Find the best Darwin Fishing times and places to catch Barramundi or Saratoga and saltwater fish - Jewfish, Coral Trout, Golden Snapper.
The coastal waters, rivers and billabongs of the Darwin region have a reputation for some of the best fishing in Australia, with the Barramundi the most sought after prize. Barra over a metre in length are frequently caught and sometimes fish of 140cm or more are taken in these waters.
Another common fish is the saratoga, which grows to a metre and is a good fighting sportfish.
Check here for more information on local fish species and limits.
The best way to fish is from a boat, and preferably with a guide who knows the area well.
There are some great fishing reefs in and around the harbour, many of them formed by old ships which have been deliberately sunk to provide fish habitats.
For those wanting more adventure there are week long fishing safaris to famous places like Shady Camp, the Peron Islands, Finniss River and Crab Claw Island.
However there are some places around Darwin where even a landlubber can catch good fish.
Tides here are big, with the occasional 8m tide, and frequent tides of 6 -7 metres. This has a big effect on Darwin fishing, so check here for tide levels and times before you plan any fishing.
There are plenty of friendly Darwin Fishing Clubs you can contact for more local information and some great social activities.
There are also some great fishing competitions organised annually in the rivers and coastal waters of the NT.
And check here for specialised fishing accommodation in the Top End.
Stokes Hill Wharf is very popular place to caste a line, especially because of the excellent food available from the many stalls in the eatery.
Drinks are also available, so whether you catch your fish from the sea or a frying pan you are guaranteed success.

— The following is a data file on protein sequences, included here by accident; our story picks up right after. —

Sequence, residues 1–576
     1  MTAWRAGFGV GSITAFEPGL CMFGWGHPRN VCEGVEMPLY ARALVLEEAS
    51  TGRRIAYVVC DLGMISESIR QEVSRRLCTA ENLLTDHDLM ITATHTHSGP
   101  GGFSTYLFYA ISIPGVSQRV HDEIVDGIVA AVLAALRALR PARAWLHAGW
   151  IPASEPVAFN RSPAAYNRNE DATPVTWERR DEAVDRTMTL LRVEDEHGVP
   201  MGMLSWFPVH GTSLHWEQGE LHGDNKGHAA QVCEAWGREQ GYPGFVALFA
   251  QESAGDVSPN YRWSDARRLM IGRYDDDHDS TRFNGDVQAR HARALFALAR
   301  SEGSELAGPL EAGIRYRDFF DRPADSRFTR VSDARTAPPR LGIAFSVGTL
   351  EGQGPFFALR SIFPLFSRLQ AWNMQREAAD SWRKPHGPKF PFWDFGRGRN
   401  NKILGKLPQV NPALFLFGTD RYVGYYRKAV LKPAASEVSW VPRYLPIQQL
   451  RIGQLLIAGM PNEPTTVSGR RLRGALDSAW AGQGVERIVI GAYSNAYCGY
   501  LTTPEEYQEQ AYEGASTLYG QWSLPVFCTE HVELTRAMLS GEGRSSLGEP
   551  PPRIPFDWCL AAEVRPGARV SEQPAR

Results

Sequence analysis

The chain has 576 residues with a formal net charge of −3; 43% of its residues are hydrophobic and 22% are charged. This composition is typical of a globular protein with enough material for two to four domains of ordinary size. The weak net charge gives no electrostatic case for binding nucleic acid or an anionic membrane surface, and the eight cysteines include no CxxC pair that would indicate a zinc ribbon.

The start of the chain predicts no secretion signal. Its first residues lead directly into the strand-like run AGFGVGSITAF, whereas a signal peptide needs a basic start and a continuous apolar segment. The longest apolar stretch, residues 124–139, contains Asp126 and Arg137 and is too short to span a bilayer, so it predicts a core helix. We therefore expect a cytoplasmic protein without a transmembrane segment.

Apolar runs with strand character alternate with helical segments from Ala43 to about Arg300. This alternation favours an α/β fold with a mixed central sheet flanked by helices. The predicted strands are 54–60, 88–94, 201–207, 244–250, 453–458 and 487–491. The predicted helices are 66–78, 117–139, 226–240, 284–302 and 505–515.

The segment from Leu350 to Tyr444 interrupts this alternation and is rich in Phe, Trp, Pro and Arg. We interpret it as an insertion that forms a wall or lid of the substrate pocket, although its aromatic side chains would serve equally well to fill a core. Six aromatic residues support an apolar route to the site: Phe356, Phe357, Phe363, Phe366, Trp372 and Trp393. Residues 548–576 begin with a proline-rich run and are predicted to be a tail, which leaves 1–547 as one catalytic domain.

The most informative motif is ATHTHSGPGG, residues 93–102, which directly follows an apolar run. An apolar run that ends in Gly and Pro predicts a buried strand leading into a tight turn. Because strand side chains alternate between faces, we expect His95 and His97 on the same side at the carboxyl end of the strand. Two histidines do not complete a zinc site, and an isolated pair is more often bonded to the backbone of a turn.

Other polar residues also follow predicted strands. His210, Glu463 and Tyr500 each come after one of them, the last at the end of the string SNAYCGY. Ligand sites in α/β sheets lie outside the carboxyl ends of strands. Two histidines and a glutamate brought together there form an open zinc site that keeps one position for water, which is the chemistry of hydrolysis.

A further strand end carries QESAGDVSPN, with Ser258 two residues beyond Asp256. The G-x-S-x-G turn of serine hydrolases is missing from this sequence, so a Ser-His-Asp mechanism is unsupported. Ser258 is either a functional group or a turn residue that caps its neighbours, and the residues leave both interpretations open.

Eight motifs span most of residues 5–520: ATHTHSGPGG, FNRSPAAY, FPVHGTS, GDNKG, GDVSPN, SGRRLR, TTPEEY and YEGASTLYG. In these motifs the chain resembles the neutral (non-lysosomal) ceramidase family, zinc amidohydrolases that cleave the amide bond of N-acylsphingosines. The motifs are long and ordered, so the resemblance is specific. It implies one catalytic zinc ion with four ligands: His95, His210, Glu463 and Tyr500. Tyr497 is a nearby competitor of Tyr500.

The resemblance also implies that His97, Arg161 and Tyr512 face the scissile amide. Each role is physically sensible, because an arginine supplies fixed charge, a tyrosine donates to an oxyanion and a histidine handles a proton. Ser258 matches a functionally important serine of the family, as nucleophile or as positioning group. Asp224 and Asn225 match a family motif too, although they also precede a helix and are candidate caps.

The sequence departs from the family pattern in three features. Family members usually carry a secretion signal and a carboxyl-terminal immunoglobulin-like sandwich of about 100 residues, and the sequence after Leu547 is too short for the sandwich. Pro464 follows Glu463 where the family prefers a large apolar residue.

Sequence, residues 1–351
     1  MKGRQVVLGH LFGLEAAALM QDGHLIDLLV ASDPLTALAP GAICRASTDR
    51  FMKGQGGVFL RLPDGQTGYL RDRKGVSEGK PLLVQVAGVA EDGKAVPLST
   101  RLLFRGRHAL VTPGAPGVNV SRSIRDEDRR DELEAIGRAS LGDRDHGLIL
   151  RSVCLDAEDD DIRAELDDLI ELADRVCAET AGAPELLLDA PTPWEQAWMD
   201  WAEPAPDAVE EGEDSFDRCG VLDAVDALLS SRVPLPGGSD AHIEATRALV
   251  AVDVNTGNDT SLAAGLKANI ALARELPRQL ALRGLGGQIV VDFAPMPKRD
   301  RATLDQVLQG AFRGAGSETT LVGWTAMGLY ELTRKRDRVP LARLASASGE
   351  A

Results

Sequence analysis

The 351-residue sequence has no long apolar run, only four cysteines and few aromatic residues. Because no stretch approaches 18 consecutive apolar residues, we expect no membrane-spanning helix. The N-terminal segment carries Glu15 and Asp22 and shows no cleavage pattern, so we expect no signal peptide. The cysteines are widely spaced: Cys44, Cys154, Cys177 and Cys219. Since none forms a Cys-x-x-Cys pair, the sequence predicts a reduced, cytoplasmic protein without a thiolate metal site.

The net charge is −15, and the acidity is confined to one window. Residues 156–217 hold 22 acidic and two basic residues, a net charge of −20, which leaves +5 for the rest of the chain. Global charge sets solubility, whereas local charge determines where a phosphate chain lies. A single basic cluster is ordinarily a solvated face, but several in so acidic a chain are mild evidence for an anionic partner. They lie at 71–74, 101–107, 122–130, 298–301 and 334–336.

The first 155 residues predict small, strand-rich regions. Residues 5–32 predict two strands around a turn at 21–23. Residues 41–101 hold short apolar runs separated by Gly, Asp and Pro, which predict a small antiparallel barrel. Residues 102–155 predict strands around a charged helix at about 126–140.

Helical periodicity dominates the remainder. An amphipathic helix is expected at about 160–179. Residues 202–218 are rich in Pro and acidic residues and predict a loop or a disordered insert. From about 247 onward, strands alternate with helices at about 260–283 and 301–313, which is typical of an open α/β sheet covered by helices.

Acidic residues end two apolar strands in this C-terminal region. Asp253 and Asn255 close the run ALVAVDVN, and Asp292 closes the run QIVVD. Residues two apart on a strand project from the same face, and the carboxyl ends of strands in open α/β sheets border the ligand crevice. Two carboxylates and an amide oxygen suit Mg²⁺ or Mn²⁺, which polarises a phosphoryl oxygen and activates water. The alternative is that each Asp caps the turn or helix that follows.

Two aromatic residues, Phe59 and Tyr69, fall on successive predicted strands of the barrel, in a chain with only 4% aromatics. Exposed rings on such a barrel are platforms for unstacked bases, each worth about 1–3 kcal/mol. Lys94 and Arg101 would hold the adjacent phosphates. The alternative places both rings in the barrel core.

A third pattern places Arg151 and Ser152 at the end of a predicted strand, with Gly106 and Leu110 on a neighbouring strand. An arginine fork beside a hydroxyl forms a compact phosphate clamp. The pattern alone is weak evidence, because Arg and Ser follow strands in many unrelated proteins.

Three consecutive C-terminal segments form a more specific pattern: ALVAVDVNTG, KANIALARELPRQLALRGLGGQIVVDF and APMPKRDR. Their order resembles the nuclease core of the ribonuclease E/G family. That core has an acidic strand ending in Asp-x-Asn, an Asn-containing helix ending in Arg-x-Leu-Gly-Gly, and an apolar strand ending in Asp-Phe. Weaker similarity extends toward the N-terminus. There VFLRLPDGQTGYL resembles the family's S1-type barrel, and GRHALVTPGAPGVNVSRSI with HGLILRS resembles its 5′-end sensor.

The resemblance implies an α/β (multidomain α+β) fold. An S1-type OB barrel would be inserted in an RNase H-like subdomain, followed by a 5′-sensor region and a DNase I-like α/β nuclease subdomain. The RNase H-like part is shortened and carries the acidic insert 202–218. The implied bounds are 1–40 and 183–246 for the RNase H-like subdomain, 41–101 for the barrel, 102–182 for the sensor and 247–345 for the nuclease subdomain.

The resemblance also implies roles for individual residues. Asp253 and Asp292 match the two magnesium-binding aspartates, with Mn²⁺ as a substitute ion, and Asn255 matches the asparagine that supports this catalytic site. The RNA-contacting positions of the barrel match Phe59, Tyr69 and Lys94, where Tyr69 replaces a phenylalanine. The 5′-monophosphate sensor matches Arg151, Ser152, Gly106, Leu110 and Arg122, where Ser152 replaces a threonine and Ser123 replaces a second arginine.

short drive from Palmerston, the Elizabeth River Bridge gives a
spectacular view of Darwin Harbour and good fishing when the tides are
This view from the nearby boat ramp captures the bridge in the setting sunlight and a high tide. The bridge has a wide, raised footpath which is used by fishers - I'm not sure it's technically legal, but it's a well used "footpath".
A fishing jetty next to the boat ramp provides a good spot to cast a line without going onto the main road bridge.
Island Bridge is another fishing bridge, located about another 10
minutes drive from the Elizabeth River Bridge, just before the Channel
Island power station.
This bridge lacks the wide footpath to fish from, but there's not much traffic on the weekend as the road only goes a few hundred yards further than the bridge to the power station.
These rocks at East Point can provide good fishing at the right tide times.
The area is a marine sancturary, limiting fishing to rod & reel or handline.
Fish under 30cm must be released and corals, crabs, shells and sea urchins are protected.
Buffalo Creek next to the boat ramp is a popular spot. On a good tide there is plenty of water and it can be good for barramundi.
Turn right off Lee Point Road just after the Caravan Park and follow the road for about 3k's to the boat ramp. Food, drinks and bait is available there at a small kiosk.
The jetty is another popular spot, which also has nearby take away food stalls operating on a Saturday evening.
Many local people come here to enjoy a cool sea breeze and a beautiful view of the red sandstone cliffs and setting sun.
With the right tide this can be a good fishing spot.
The Peter Mahony platform close to the bridge provides wheelchair access to fishing, which is best at a medium to high tide.
The water surges up and down the creek as the tides change, washing nutrients out of the mangroves and providing a natural bonanza for hungry fish and crabs.
little further up the creek is another quiet spot which can yield some
good fish when the tide is right and the fish are biting.
Northern Territory waterways are home to both saltwater and freshwater crocodiles. Take care when fishing.
Crocodiles are attracted to boat ramps and other areas popular for launching boats because, unfortunately, many people leave their waste products behind.
Make sure you do NOT do this;
We all know every fisherman has a good yarn about the one that got away..."you should have seen how it dragged the boat along..."
But..can you actually catch those monster barra everyone talks about?
Of course a nice photo will help us believe you're the best.
And if you have any tips about how and where, that would be terrific. Even if you don't want to tell secrets about where these fish hide, maybe you can pass on some general info which will help the less experienced have some fun with a rod & reel.
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CAUGHT THE BIGGEST BARRAMUNDI IN THE WORLD?
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